For Lucent, Hunting Season Is About To Begin
Even in the red-hot telecom-equipment market, Lucent Technologies Inc. has been a star. Still, CEO Richard A. McGinn hasn't hesitated to point out Lucent's weaknesses, conceding that it needs to offer better gear for data networking and participate more aggressively in overseas markets. The simple solution would be to buy companies that fill those strategic holes.
Until now, however, McGinn has been limited in his ability to do that. Despite Lucent's soaring stock, up sixfold to $80 a share since its public offering in 1996, the company hasn't been as free as rivals such as Cisco Systems Inc. to use its shares as acquisition currency. The reason: Accounting rules bar spin-offs such as Lucent--formerly a unit of AT&T--from using an accounting method called "pooling of interests" for deals until they have been independent for two years. Pooling lets companies avoid taking charges against earnings to write down "goodwill"--the price above book value they pay. Lucent's second birthday is Oct. 1.
PLUGGING HOLES. So what will Lucent buy itself as a gift? The company won't comment. But investors and analysts are buzzing about possible targets, including networking-equipment maker Ascend Communications, France's Alcatel, and Finland's Nokia. With a market capitalization of more than $100 billion, Lucent could pull off deals that would set records in an industry already marked by merger mania. Targets could include Ascend, with a market capitalization of $9 billion, or even Nokia, valued at $48 billion. "Everybody's sort of holding their breath to see what Lucent will do," says William Schaff, chief investment officer at San Francisco-based Bay Isle Financial Corp., a Lucent shareholder.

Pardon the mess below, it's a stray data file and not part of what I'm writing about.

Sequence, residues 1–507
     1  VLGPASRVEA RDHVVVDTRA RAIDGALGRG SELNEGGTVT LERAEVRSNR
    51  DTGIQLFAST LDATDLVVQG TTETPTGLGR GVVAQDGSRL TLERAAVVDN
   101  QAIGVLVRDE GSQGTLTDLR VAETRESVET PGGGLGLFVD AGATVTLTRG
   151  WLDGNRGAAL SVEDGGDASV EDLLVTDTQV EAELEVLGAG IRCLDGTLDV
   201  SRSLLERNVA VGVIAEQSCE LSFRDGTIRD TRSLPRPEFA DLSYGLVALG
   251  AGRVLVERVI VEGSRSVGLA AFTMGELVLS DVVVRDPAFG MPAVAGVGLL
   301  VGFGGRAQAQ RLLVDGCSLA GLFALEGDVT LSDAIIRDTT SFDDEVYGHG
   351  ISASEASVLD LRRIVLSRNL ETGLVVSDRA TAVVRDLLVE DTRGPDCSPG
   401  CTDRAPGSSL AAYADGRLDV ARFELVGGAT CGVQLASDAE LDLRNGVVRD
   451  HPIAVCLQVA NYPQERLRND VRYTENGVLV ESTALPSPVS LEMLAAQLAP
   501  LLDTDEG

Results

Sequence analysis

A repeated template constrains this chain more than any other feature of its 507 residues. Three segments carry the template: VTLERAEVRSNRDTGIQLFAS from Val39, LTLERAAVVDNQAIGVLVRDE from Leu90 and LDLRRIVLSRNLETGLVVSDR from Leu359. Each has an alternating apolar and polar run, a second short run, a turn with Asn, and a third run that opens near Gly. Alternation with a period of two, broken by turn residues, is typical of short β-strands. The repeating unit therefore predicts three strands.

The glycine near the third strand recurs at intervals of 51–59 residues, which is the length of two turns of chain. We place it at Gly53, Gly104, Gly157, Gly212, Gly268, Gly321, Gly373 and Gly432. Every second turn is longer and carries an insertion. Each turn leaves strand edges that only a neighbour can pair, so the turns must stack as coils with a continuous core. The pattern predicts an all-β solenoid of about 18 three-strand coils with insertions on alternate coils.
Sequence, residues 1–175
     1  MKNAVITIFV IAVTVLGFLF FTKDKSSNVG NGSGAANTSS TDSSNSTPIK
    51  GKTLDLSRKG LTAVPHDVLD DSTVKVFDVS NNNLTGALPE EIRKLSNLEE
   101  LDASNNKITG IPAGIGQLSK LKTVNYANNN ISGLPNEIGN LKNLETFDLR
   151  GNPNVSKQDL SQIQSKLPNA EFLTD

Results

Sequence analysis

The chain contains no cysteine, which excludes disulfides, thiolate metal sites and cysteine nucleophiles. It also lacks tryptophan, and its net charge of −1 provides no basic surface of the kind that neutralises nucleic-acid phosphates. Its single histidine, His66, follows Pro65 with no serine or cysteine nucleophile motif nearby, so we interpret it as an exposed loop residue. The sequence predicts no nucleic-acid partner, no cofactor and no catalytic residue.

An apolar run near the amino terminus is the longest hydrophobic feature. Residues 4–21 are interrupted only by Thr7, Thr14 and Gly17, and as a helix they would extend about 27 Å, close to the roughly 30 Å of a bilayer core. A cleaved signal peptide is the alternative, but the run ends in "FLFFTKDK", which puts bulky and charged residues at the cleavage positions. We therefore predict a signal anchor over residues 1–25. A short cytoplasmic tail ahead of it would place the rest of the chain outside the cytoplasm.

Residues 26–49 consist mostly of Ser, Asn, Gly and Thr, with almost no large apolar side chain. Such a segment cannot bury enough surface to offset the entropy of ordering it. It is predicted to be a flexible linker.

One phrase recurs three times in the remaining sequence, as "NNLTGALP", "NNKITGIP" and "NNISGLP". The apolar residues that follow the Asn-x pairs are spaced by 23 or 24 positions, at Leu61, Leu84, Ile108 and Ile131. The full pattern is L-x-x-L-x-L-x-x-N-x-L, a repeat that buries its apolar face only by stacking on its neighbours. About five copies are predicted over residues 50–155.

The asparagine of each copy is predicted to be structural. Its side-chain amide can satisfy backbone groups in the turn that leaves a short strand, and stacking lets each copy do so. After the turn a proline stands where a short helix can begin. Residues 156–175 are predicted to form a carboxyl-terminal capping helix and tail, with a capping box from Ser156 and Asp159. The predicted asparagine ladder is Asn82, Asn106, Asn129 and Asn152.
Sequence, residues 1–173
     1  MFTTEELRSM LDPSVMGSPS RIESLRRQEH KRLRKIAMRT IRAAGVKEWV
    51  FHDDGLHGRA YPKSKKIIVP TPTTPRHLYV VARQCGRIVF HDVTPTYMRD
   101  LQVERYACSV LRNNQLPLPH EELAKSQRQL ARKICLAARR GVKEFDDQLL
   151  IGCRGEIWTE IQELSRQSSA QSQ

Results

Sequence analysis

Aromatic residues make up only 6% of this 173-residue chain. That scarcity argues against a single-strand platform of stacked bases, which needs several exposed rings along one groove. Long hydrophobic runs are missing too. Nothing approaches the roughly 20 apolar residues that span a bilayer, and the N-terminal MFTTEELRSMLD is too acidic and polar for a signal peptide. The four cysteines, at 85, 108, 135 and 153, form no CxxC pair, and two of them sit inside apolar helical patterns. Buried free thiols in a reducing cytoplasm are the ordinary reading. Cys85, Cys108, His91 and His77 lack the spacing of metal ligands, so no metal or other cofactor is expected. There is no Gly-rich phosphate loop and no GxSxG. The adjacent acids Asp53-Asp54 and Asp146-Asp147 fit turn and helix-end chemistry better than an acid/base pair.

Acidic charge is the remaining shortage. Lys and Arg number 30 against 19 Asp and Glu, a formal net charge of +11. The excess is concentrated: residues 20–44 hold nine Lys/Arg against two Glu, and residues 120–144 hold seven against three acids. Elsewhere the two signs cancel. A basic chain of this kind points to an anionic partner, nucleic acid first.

Lucent is actively looking at networking and international deals, according to two investment bankers who have talked to company executives. William O'Shea, the head of Lucent's data-networking group, is spearheading the networking initiative. Ben J.M. Verwaayen, Lucent's co-chief operating officer, is trolling for global deals. Lucent has used Goldman, Sachs & Co. or Morgan Stanley Dean Witter for big deals in the past but does not have an exclusive investment bank this time, the bankers say.
Lucent's most immediate need is for data networking. The market for data gear is growing 25% a year, says BancBoston Robertson Stephens, about double the traditional telecom-equipment market. And Lucent is weak in two fast-growing areas: asynchronous transfer mode (ATM) and Internet protocol (IP) routing technology.
That's where Ascend comes in. The Alameda (Calif.) company is the market leader in ATM and has some IP routing expertise. "That's not rocket science," says Mark Dicioccio, a managing director and head of Lehman Brothers Inc.'s telecom-equipment practice. "Ascend is pretty much the last one standing." Ascend says it plans to remain independent but would listen to an overture. If Ascend balks, Lucent could target other networking companies such as Newbridge Networks, the No.2 ATM player.
Overseas, where Lucent generated only about $6 billion of its $26.4 billion in 1997 revenue, bankers say the strongest candidate would be Finland's Nokia Corp. Nokia would give Lucent expertise in Europe's most popular wireless technology and would provide valuable customer relationships in some 45 countries. Nokia declined comment.
Several other companies would also help in foreign markets. France's Alcatel has operations in 130 countries and growing data expertise. But the company, which declined comment, may resist a takeover, and Lucent is unlikely to attempt a hostile deal. Siemens' telecom unit would also give Lucent greater international reach. But a spokesman for Siemens says it would not sell the telecom business on its own.
How soon will Lucent make its move? It can't have substantial negotiations before Oct. 1 without running afoul of accounting guidelines. But McGinn has a head start--the shopping list he has been carrying around for two years.